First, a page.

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Monday, 18 December, 2000, 11:25 GMT
GlaxoSmithKline gets US merger approval
Glaxo Wellcome and Smithkline Beecham logos
UK drugs giants Glaxo Wellcome and SmithKline Beecham have had their plans to merge cleared by the US Federal Trade Commission.

The go-ahead is the final hurdle for the deal which creates one of the UK's largest companies, trailing in value only Vodafone and, with a market value of 120bn, almost identical in size to BP.

GlaxoSmithKline will be headed by Jean-Pierre Garnier, currently number two at SmithKline, who takes the role of chief executive while Glaxo chief Sir Richard Sykes is to be non-executive chairman.

Its headquarters will be in London, while its operational base will be in the US.

It will be listed on 27 December on both the London and New York stock exchanges.

The new company will have an annual research and development budget of 2.4bn, the largest in the world.

Smoking products

The merged group brings together a host of top drugs for aids, diabetes and asthma as well as traditional consumer products such as Lucozade and Ribena.

The two companies have attempted to merge before.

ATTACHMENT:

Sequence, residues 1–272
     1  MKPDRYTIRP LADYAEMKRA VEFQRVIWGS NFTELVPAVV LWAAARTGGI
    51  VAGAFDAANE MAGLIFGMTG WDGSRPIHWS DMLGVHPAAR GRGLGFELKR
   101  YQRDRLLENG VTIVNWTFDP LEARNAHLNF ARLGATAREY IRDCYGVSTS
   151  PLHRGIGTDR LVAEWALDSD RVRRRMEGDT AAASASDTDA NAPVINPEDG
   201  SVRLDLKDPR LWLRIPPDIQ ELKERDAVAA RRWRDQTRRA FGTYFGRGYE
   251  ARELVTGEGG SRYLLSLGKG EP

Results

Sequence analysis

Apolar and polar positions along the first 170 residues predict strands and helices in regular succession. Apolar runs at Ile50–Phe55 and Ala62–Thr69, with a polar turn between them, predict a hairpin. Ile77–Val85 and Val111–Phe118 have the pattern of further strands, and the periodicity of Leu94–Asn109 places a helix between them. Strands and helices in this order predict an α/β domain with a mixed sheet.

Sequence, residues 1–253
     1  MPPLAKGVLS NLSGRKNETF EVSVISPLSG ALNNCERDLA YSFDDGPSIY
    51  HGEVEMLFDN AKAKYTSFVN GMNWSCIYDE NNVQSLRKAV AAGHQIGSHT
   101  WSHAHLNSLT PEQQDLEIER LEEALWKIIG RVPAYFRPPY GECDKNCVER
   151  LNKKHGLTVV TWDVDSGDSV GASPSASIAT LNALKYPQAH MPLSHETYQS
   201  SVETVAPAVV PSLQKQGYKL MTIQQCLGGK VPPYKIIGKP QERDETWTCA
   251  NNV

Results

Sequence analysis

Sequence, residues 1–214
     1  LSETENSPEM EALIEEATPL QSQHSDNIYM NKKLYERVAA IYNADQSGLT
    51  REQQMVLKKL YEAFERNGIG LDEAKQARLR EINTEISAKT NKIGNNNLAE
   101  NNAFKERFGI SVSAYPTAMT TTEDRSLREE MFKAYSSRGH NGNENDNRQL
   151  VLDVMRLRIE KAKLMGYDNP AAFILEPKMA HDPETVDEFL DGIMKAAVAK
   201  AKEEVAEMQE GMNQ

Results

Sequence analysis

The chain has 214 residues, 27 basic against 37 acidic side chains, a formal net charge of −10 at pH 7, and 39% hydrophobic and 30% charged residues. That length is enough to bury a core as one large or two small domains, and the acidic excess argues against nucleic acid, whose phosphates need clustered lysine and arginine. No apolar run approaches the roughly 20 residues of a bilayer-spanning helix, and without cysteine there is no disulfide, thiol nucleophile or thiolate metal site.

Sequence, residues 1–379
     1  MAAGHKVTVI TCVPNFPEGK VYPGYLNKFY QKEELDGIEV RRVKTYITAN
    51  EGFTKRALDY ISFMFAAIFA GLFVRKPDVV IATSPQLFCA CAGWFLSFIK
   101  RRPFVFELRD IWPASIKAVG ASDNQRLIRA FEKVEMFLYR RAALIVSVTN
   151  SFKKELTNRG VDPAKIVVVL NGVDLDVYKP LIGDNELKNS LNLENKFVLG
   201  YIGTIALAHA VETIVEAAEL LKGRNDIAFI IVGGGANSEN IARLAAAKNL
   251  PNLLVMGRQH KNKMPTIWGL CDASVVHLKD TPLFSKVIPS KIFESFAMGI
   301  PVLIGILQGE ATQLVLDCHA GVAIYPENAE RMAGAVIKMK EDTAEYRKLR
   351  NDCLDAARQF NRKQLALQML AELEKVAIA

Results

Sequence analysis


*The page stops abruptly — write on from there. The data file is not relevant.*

Three years ago, talks failed after a reported clash of egos between Glaxo chief executive Sir Richard Sykes and his SmithKline counterpart Jan Leschly.

The current merger was announced in January, but was delayed by US competition authorities wanting to take a closer look at the companies' products to help smokers quit.

In the US Glaxo markets the prescription anit-smoking product Zyban while SmithKline sells over-the-counter products Nicorette and Nicoderm.

Sales prompts go-ahead

The companies said that the Federal Trade Commission had decided that a sell-off of any of these products was necessary, but it said it would continue to review that market after the merger.

The tie-up was given the green light by the European Union regulators in May - on the condition some disposals were made - and was given shareholder approval in August.

In order to secure the US approval, SmithKline will sell its Kytril, Famvir and Vectavir/Denavir drugs.

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11 Dec 00 | Business
Mega-mergers 'still on course'
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